Air France will also operate 60% more flights to Asia this winter compared to 2022-23, with daily flights to Beijing, Shanghai and Hong Kong.

The company’s long haul international flights depart from Paris Charles de Gaulle airport.

Rail travel updates:

The Colmar to Paris TGV line will run at full capacity from December 11

Rail traffic in Colmar (Alsace) is currently heavily disrupted due to maintenance work that began in August.

However the SNCF says traffic will return to normal, with four TGVs a day connecting the town to the capital via Strasbourg, from December 11.

SNCF will also make 7,000 more places available on TGVs to Colmar over the Christmas period, which comes as a boost for the town famous for its Christmas markets.

Read more: France’s most beautiful market: Who are the regional winners?

Brigitte Klinkert, MP for Haut-Rhin said the announcement was good news.

“Rail transport is indispensable for tourism and for the economic vitality of the region, allowing people to commute for work and helping decarbonise transportation,” she said.

Road travel updates:

Two mountain passes have closed for winter and will not reopen until late spring.

The two passes to close are:

  • The Iseran (Savoie) route, which is the highest pass in France, at 2,764m, connecting the Arc and Isère valleys.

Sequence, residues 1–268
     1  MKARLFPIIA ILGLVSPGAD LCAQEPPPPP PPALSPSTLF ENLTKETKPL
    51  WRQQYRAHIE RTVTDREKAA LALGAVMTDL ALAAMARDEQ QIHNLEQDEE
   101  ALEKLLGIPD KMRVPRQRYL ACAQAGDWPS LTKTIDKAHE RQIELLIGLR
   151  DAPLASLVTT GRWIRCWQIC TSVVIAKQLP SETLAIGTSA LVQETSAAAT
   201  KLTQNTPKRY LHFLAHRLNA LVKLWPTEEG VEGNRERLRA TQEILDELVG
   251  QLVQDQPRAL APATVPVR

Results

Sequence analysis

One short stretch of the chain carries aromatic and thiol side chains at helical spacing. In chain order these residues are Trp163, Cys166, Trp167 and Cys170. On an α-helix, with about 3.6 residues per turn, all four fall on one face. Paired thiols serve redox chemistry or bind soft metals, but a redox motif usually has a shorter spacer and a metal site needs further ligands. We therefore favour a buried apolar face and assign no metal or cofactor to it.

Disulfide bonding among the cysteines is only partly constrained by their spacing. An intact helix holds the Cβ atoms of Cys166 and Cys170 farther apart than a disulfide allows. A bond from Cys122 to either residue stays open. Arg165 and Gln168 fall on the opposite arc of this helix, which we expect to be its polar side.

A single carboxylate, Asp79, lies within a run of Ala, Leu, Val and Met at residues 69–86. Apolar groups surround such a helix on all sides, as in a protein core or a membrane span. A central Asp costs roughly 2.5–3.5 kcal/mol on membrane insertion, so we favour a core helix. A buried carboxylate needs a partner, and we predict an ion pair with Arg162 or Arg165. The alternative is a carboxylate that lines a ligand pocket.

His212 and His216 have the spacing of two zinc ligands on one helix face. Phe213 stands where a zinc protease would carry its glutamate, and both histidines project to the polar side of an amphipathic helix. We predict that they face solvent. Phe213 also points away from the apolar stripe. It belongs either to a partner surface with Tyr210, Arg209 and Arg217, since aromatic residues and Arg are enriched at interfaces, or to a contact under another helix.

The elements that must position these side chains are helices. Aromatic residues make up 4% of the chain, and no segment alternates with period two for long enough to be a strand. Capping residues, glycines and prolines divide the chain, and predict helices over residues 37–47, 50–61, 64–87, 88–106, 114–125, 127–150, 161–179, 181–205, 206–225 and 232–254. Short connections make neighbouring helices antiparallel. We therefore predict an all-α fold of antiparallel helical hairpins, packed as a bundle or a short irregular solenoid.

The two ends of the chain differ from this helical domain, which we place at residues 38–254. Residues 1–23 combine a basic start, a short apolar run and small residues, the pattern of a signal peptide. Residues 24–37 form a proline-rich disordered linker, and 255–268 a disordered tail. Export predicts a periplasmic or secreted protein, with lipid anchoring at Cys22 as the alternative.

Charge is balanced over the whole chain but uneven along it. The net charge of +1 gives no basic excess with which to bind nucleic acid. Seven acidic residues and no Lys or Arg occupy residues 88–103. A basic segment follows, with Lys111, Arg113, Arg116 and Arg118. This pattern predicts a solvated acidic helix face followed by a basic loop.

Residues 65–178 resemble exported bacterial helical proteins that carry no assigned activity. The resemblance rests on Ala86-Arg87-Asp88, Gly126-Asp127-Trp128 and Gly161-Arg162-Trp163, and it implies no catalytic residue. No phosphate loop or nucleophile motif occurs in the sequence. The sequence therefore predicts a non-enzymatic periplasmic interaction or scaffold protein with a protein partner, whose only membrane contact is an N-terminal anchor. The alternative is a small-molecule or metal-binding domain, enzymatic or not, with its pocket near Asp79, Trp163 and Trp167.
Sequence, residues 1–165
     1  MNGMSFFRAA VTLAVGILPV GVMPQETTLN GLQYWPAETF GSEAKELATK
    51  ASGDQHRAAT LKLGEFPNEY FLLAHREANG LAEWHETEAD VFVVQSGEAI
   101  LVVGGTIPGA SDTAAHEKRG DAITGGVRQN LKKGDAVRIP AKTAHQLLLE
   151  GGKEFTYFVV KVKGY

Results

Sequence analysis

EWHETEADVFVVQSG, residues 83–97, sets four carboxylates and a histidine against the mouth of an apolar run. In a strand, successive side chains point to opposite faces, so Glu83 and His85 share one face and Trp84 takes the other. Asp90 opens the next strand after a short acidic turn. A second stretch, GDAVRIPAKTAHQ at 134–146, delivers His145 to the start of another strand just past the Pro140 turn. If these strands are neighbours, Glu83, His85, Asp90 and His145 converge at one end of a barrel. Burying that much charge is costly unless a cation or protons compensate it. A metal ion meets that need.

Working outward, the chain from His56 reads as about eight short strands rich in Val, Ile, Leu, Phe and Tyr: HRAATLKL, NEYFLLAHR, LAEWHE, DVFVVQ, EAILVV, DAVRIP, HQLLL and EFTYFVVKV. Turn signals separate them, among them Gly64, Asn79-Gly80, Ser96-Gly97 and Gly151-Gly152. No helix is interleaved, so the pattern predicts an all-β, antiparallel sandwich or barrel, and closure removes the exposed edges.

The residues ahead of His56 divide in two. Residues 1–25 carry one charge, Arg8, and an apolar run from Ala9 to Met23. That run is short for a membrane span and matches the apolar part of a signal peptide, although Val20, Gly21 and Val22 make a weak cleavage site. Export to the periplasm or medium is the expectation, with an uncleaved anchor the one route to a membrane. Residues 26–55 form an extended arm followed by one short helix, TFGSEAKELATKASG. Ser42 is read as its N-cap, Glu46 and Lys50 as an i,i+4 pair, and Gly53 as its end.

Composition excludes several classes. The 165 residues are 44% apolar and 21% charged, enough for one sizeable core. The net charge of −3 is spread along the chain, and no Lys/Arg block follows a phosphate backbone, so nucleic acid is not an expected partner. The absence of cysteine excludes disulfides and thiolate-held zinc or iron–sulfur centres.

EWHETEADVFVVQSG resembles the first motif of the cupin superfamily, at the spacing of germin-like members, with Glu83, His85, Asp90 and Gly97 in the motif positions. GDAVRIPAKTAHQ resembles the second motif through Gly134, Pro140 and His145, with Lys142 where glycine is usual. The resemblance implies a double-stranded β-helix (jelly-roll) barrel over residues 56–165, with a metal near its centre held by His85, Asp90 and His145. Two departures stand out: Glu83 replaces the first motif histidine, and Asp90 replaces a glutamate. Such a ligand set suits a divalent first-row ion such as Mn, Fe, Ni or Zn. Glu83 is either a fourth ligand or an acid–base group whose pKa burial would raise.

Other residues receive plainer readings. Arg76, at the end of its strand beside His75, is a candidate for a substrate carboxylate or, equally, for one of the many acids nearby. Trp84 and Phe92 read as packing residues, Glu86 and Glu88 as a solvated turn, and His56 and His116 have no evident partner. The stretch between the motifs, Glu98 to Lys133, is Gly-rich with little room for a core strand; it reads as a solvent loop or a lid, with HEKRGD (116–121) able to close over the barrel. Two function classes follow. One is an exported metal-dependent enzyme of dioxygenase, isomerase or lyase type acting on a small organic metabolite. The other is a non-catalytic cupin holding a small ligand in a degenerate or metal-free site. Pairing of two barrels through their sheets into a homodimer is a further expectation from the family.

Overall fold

• The Galibier (between Hauts-Alpes and Savoie) route at 2,642m, connecting Saint-Michel-de-Maurienne to Briançon

Both routes are frequently used during the Tour de France.

Read more: Tour de France 2024 route revealed: Will it pass near you?

The passes will be closed to vehicles until all snow and ice has thawed, which usually happens in late spring or, in some years, as late as June.

The decision to close the passes was made on October 20, with authorities confirming this week that they would be shut until next year.

Traffic should be expected heading north this weekend as people return from the half-term holiday.

Roads are typically busy at the end of the holidays as many people return north from resorts in the south.

The government traffic website Bison Futé refers to this movement as the sens des rétours, with the equivalent southern movement referred to as the sens des départs.

Heavy traffic is expected on Friday, Saturday and Sunday on the access roads to Paris in particular.

People driving into Paris this weekend should expect traffic at the motorway tolls on the A10 and A6, as well as on the A13. It could last until the evening.

Anybody planning to travel this weekend can consult the government’s traffic monitoring website Bison Futé for up-to-date information.

Ferry updates:

Dieppe ferry port is set to upgrade its terminal to host DFDS and to improve its capacity for biometric passports

DFDS, the Danish international shipping and logistics company, has chosen Dieppe as its operational base, which will entail a €3m upgrade to the terminal.

The upgraded terminal will include conference rooms, bathroom facilities and a lounge.

“DFDS wants to assemble all its teams in one building,” Bertrand Marsset, director of Normandy Ports told Les Informations Dieppoises.

“In total, there should be 50 to 60 employees based here, including their call centre.”

The terminal is expected to remain open during the building work, which is scheduled to start in September 2024.

The ferry port is also set to upgrade its capacity for biometric passports in 2024, with work beginning on new booths for customs officers before the end of 2023.